Some managers will be using the next few months to do the Deep Pause. Also known as “Family Mode,” my definition of a Deep Pause is a temporary halt of most/all business operations in order to reduce overhead expenses (ie. survive) WHILE preserving the brand of the business for a powerful launch strategy when re-opening. Whether one week, month, quarter, or year, the key is to induce relief from stress and take some forced down time.

Seasonal business models are NOT new (just ask the waiters at Joe’s Stone Crab who earn so much money in 5 months that they can afford to travel the world for the rest of the year). But “going seasonal” does require some tough decisions (with regards to staff) and a powerful and organized re-launch strategy. We will be going over this in the coming weeks MMMs: new subscribers can add themselves free of charge here.


+ Listen to Durk and Heather Bayer talk about cleaning during Coronavirus on this podcast. You’ll want to be prepared and ready to promote yourself as a sanitary alternative to hotels very soon. So knowing the technical requirements is key.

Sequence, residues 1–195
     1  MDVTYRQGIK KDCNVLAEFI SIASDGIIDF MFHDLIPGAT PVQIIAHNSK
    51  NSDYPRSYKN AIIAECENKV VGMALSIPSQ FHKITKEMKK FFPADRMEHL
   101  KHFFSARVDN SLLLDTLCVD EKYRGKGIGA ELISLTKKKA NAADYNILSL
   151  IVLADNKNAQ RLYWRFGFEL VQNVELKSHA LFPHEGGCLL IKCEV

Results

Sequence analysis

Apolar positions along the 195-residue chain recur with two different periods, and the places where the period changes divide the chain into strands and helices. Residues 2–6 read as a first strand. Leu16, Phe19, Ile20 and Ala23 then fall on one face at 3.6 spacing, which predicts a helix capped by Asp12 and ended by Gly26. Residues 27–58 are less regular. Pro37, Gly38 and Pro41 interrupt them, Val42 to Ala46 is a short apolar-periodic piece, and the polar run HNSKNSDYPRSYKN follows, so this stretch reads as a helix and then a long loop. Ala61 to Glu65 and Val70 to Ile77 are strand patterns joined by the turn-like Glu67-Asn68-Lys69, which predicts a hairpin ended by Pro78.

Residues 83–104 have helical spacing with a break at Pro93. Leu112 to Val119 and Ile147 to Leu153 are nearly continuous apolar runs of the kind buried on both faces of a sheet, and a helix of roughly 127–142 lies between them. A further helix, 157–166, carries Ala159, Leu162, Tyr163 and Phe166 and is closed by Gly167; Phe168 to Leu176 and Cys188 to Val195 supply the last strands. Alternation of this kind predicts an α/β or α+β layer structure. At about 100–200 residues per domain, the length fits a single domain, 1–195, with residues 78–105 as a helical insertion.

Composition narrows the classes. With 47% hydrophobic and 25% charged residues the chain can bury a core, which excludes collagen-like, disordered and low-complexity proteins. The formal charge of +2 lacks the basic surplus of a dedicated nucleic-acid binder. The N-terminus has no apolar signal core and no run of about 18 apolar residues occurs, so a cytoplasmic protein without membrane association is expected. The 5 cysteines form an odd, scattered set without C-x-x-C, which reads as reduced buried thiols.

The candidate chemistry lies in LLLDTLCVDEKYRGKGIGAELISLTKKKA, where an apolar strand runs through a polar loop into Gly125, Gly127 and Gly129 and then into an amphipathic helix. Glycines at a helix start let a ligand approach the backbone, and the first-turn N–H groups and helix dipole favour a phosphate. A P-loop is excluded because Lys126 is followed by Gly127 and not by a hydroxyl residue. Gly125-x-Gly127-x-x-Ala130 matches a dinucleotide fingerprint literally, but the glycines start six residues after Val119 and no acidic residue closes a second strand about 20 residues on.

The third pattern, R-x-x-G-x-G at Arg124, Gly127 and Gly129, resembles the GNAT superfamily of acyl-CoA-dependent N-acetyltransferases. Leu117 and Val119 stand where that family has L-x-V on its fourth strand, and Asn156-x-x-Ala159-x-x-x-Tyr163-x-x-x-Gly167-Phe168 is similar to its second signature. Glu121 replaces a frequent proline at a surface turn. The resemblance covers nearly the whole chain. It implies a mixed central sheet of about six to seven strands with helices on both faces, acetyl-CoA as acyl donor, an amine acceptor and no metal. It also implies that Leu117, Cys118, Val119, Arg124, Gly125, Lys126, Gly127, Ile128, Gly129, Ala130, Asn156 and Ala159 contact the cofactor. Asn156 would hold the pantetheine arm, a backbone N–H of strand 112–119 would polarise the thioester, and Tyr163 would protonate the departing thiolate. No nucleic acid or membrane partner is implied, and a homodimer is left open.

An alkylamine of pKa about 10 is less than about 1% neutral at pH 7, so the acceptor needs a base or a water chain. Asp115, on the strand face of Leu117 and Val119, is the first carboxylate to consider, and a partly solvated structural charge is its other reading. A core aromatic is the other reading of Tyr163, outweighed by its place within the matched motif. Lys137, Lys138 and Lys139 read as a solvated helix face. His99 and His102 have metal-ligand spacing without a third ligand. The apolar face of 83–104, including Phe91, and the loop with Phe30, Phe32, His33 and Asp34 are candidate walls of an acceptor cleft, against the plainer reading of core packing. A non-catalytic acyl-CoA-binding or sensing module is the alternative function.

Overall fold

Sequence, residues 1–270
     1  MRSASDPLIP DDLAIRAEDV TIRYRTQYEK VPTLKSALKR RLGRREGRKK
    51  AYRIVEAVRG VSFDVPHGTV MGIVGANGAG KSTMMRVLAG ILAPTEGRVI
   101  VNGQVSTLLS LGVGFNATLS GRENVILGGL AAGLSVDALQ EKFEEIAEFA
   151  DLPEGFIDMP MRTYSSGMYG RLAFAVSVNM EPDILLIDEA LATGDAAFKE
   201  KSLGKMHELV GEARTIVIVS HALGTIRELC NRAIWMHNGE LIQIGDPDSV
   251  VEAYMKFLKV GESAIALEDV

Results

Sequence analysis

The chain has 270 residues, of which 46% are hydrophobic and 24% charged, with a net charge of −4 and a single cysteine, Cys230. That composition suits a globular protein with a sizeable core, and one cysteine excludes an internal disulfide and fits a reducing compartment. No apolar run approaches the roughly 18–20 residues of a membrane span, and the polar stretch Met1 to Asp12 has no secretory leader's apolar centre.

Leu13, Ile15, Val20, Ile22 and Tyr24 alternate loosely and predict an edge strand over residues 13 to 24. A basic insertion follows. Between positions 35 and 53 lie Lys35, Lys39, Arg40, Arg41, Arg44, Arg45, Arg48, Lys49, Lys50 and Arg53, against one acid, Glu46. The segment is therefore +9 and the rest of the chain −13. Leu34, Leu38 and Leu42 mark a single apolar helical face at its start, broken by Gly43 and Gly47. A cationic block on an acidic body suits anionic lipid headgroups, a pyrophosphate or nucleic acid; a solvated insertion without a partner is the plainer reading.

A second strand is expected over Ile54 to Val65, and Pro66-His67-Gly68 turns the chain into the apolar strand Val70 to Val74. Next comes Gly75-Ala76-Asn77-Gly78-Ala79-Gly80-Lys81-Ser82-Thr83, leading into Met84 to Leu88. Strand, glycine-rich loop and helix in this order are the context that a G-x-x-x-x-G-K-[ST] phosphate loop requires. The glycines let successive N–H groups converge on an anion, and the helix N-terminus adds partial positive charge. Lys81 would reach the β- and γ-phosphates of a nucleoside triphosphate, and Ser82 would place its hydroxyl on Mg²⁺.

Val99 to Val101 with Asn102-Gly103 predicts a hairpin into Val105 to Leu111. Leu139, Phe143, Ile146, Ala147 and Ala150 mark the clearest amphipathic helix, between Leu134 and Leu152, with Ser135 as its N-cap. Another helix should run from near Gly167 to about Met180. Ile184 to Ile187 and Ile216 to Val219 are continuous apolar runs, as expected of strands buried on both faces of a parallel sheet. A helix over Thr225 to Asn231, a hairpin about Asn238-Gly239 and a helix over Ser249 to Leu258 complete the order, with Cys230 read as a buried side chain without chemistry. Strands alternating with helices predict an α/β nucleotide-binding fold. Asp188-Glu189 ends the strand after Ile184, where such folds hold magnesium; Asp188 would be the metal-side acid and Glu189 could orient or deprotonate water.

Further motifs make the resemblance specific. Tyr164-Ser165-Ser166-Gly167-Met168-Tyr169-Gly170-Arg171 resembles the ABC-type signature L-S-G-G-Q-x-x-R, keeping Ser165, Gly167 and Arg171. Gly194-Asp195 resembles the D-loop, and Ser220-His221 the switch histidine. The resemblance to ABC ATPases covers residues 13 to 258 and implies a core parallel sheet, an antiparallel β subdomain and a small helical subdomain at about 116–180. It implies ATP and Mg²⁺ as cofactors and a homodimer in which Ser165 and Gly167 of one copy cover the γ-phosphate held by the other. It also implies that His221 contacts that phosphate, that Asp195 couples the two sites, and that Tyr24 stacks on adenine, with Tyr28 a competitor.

+ In case you thought Airbnb had your back, they don’t. Amy Hinote thinks this will mark the moment that we all realized that we were living in a world of complacency — so enamored with the OTAs driving revenue and bookings for us that we forgot that they really don’t understand this business and they have little to no regard for their suppliers.

+ Oh and Cloudbeds just raised $82M for their vacation rental (and hospitality) management software. Interesting time to take in this cash! Terry Whyte thinks they are a sleeper PMS lots of vacation rental managers should know about.

I will leave everyone with one final thought…

Tough times present new opportunities and seizing on opportunities requires instinct, agility, and leadership from the ground up. This is something I have always felt vacation rental professionals have in spades. I am sure I’ll be hearing from many of you over the coming weeks with brilliant glimmers of light.

Shine on!

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Matt Landau


(443) 653-1648

Over the past decade, VRMB has helped more than 1,000 vacation rental owners and managers build sustainable businesses that rely on their own core strengths. Thank you, Matt, for being an excellent resource for ALL of us in the Vacation Rental industry.